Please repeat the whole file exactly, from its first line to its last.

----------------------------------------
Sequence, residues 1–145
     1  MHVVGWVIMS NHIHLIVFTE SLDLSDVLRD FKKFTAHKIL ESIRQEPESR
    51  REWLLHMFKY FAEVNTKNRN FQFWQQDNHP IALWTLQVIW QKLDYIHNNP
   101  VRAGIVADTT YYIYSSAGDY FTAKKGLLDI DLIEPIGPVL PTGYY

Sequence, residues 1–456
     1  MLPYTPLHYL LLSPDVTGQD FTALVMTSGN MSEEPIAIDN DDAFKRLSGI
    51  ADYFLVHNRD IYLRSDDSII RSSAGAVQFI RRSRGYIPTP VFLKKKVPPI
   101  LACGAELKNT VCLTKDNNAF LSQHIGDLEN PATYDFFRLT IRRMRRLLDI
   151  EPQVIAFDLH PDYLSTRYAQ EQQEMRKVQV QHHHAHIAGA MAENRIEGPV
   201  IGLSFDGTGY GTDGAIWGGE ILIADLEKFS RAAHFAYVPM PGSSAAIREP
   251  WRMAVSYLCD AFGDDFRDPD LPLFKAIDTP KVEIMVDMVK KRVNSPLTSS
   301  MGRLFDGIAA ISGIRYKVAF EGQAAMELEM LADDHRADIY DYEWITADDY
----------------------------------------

Sequence, residues 1–145
     1  MHVVGWVIMS NHIHLIVFTE SLDLSDVLRD FKKFTAHKIL ESIRQEPESR
    51  REWLLHMFKY FAEVNTKNRN FQFWQQDNHP IALWTLQVIW QKLDYIHNNP
   101  VRAGIVADTT YYIYSSAGDY FTAKKGLLDI DLIEPIGPVL PTGYY

Sequence, residues 1–456
     1  MLPYTPLHYL LLSPDVTGQD FTALVMTSGN MSEEPIAIDN DDAFKRLSGI
    51  ADYFLVHNRD IYLRSDDSII RSSAGAVQFI RRSRGYIPTP VFLKKKVPPI
   101  LACGAELKNT VCLTKDNNAF LSQHIGDLEN PATYDFFRLT IRRMRRLLDI
   151  EPQVIAFDLH PDYLSTRYAQ EQQEMRKVQV QHHHAHIAGA MAENRIEGPV
   201  IGLSFDGTGY GTDGAIWGGE ILIADLEKFS RAAHFAYVPM PGSSAAIREP
   251  WRMAVSYLCD AFGDDFRDPD LPLFKAIDTP KVEIMVDMVK KRVNSPLTSS
   301  MGRLFDGIAA ISGIRYKVAF EGQAAMELEM LADDHRADIY DYEWITADDY